What The Chicago Manual of Style says about the ends of decades -- arrrrggh!

What The Chicago Manual of Style says about the ends of decades -- arrrrggh!
Source: Reusableart.com

It was barely December before I started seeing mentions of year-end lists — best of, worst of, oddest of whatever a column or site reviews.

Those are fine with me. But the lists of best, worst or whatever of the decadeĀ are too early.

Decade means ten years — not nine. So I wanted to come up with an easy, yet Serious, way to help you remember that as we head toward the end of 2019.

I thought of a whole separate post about this, but then I saw The Chicago Manual of Style sitting on the end of my couch. I cleared my throat, then looked for its authoritative entry about decades.

It’s there — on pages 556 and 557, about twice as far as I’ve gotten so far. (My bookmark’s at pronouns, page 234.)

But a fat lot of help the manual is about decades.

While the entry mentions that “the first decade of any century cannot be treated in the same way as other decades,” lest it be taken to mean the whole century, the entry then gets sloppy. It specifies: “the first decade of the twenty-first century (or the years 2000-2009)” and “the second decade of the twenty-first century of the 2010s (the years 2010-19).”

Well, now I’m gonna argue like it’s 1999.

Back then, millennium stories were driving me nuts. A millennium is 1,000 years, so how could anyone think that the year 2000 was part of the new millennium? The new millennium began on Jan. 1, 2001. (Some would argue that it began on Sept. 11 of that year, but that’s another story.)

Similarly, a decade is ten years — so how can we say a number ending in nine ends a series of ten? (Imagine I’m going to pay you ten dollars. How would you feel if I said that I was finished paying you at nine?)

But back to The Chicago Manual of Style: “Note that some consider the first decade of, for example, the twenty-first century to consist of the years 2001-10; the second, 2011-20; and so on. Chicago defers to the preference of its authors in this matter.”

That drives this Chicagoan crazy. The preference of this author is for the scientific, sensible decades of one through 10 — and for style manuals that set rules, not defer to preferences.

So what’s next from the manual?

Maybe just a trip back to the library. Stay tuned.

Margaret Serious has a page on Facebook.

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  • Your position makes more sense than the others, although I do see some difficulties in referring to the decade of the "oughts," and I suppose the teens and the twenties.

    I ran into a similar problem in a CTA discussion board, where someone came up with all types of implausible explanations of how car 3200 was a 2600 series car, but I noted that the 2600 series of 600 cars started with 2601, not 2600, and then posted a link to a story of the last Budd car, with a picture of 3200, and asked if he had an another-world explanation for that.

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    Maybe this is a humor column and I'm not getting the joke, but 2001-2010 is eleven years. I don't think the Chicago Manual of Style is "sloppy" to insist on a ten-year range for decades.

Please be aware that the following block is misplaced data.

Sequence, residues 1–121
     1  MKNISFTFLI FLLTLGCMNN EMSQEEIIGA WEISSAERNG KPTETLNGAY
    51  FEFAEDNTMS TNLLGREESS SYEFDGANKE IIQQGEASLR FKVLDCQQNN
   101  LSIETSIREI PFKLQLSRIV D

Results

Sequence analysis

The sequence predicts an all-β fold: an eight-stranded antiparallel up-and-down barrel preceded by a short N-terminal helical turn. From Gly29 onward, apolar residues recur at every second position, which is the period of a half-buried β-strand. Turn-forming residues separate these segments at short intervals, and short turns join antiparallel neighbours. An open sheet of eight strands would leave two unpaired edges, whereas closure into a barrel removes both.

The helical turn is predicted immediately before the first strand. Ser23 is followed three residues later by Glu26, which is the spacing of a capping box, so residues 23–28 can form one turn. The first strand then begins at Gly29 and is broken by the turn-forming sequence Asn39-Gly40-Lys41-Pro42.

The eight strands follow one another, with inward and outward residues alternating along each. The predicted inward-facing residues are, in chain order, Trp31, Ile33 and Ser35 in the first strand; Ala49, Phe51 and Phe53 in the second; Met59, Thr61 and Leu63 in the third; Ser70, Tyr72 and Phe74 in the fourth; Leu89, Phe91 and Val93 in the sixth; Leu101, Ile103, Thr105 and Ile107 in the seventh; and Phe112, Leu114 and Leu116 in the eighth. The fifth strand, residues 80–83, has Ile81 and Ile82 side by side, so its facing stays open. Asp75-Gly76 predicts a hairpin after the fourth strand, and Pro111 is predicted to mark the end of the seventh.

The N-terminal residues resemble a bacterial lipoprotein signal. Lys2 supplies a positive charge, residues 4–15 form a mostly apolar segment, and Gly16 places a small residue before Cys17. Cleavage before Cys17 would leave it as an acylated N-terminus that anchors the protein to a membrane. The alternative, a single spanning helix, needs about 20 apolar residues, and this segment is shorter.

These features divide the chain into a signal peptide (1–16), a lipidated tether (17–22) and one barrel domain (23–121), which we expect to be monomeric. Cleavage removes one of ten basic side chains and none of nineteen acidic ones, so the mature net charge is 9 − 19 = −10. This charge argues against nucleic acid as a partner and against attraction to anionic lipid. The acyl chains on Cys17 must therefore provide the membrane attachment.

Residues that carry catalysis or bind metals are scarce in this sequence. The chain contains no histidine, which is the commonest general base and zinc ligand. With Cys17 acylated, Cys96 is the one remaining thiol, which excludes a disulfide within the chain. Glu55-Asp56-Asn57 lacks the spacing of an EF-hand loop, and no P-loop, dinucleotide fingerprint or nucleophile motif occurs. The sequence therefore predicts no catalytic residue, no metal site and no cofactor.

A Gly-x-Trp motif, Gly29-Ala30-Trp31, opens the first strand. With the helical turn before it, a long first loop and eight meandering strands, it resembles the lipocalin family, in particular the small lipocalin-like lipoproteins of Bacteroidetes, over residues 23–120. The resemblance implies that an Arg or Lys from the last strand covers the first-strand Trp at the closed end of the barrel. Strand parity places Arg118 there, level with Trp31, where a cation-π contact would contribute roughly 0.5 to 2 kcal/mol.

• In reply to Carol Saller:

    Maybe your comment is a humorous one, but try counting on your fingers. 2001-2010 is TEN years. Let us know if you get to your toes.

    Giving you the benefit of a possible typo, 2000-2010 is 11 years, but that supports MS's point that the third millennium started in 2001.

  • In reply to Carol Saller:

    Thanks, Carol, but respectfully, 1-10 in any group is ten, not 11. I'm not arguing sloppiness for that, but for the idea that if you're counting ten of something and don't have any yet (you have zero), count that -- and then stop counting "to ten" when you have nine.

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    (Oh, man - I hate when that happens.)

    Anyway, of course a decade must end with a nine if it begins in a year ending in zero. If you insist on the end of the "decade" ending in 10, it will amount to 11 years.
    1. 2000
    2. 2001
    3. 2002
    4. 2003
    5. 2004
    6. 2005
    7. 2006
    8. 2007
    9. 2008
    10. 2009
    11. 2010

  • In reply to Carol Saller:

    Those are a couple of very big "ifs," Carol -- neither of which I agree with. I've been looking at various sources for, well, decades, and I can't find any system or reference in which there was a "year zero." So the first decade was A.D. 1-10, the second 11-20, the first century A.D. 1-100, the second century 101-200, etc.
    But thank you for reading.

  • In reply to Margaret H. Laing:

    That is the essential problem--there isn't a year zero. As Illustrated in my third millennium post, it doesn't, until you consider that fact, make much sense that the 20th Century was the 1900s, for the most part.

    It's a similar problem to that a pitcher who is taken out in the third inning only pitched 2-1/3.

  • In reply to jack:

    Thank you, Jack. Maybe part two of that problem is that none of us were here for anywhere near year zero, so we don't have that memory. But if you think I'm irritated about this now, you should have seen me (but not been within reach) in 1999.

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